There was no need for a new lane for traffic turning towards Pt Chev from St Lukes,
Yes there was. It enabled two right turning lanes from the offramp. During rush hour the offramp would be massively backed up, sometimes back to the motorway.
It’s been earmarked as a potential car park for ages, so let it be a carpark. And let it not be free to use, at least at peak times. If you can afford that luxury SUV, you can afford five bucks for a couple of hours’ unsubsidised parking.
My son attends Waiorea, the Maori unit at Western Springs College and every year (unless there is fruitfly outbreak or the school is being rebuilt), we run the carparking for the Pasifika Festival. We use the fields around the college, and at the same time MOTAT are doing the same with that field.
So it already is used as a carpark, and I wonder if what needs to happen is that MOTAT need to think of it as a potential income stream on Saturday mornings.
But the engineers made the fatal assumption that they could make their plan work by converting the free left turn at the top of the St Lukes off-ramp to a Give Way and getting rid of the slip-lane that was there. They couldn’t. Without the slip-lane, the intersection was a disaster and traffic backed up onto the motorway every evening..
And was these same geniuses that declared that their models were so awesome that we absolutely had to cut down the Pohutukawa 6, but couldn't see the obvious issue resulting from putting in a Give Way in place of a Free Turn.
I really hope there was some proper accountability for that empty lane/offramp debacle. You're right, though, it does make life easier as a cyclist :)
True, but National are such wankers about it. Simon Bridges is on record saying this Auckland's housing affordability issues are only in the "top tier". And John Key's housing crisis of 2007 evaporated as soon as he took the reigns.
I truly hope that Labour's time in the wilderness has sharpened their appetite to actually fix these issues; somebody has to do it and it may as well be Labour and the Greens who bite the bullet.
I’m not sure that that would be easy, and it might make housing affordable again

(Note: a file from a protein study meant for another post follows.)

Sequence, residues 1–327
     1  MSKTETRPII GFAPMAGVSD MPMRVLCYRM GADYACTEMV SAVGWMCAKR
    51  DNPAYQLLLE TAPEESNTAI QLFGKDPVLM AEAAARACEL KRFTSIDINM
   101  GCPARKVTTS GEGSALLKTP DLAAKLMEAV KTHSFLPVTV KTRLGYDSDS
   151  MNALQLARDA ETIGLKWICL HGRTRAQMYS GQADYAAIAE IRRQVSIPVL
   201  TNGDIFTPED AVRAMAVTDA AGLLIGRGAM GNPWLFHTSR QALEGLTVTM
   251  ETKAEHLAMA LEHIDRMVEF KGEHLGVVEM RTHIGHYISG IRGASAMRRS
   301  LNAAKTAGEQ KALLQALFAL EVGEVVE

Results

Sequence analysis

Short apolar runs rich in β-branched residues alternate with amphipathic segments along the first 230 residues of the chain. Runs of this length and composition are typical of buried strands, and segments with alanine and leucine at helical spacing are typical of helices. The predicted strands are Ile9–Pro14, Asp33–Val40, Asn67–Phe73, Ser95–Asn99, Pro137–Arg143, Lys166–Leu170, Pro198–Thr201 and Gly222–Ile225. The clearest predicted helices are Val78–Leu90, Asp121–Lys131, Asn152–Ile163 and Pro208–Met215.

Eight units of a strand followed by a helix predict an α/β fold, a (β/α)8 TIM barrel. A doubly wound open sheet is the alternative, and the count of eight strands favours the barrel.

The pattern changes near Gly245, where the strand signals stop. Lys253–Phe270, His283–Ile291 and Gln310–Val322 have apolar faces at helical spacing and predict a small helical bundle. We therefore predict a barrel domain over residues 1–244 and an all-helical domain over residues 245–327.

The first step would be to stem the record numbers of people arriving, full stop. The floodgates have been open too long, Auckland has been full for more than 20 years IMO. I agree that simply moving the record numbers of immigrants to the regions is a non-starter.
One way would be to change the point system so that hardly anybody can get in, and then get the regions to bid for the numbers they want; this way immigration applicants get points for moving (and staying) in the region. Moving to Auckland (or other designated over-populated locations such as Queenstown) will reduce your ability to become a permanent resident/citizen.
This approach will give the likes of Auckland some breathing room and we can start doing stuff like replacing non-character buildings with higher-density dwellings (apartments, terraces etc).
This approach is a quick win, and if it turns out you got the settings wrong (i.e. start detecting unintended consequences), then it's also quick to adjust the policy settings.
Of course, immigration is a major driver of GDP growth when you have a government of incompetent group-thinkers. National loves the "free" GDP growth plus IIRC each National MP owns 2.3 houses so they quite like the current settings because of the tax-free capital gains. And it's not their friends and whanau who are living in overcrowded houses, garages etc.Win/win for them, methinks.
It’s a huge and complicated problem.
True, but it there are some pretty easily picked low hanging fruit:
* Change our immigration policy settings to massively reduce the number of people moving to Auckland.
* Disallow non-residents from purchasing real estate
* Implement a capital gains tax (except on the whanau whare)
* Redirect investment from un-needed motorways (such as this expensive rort) into a proper 21st century transport model (like CFN 2)).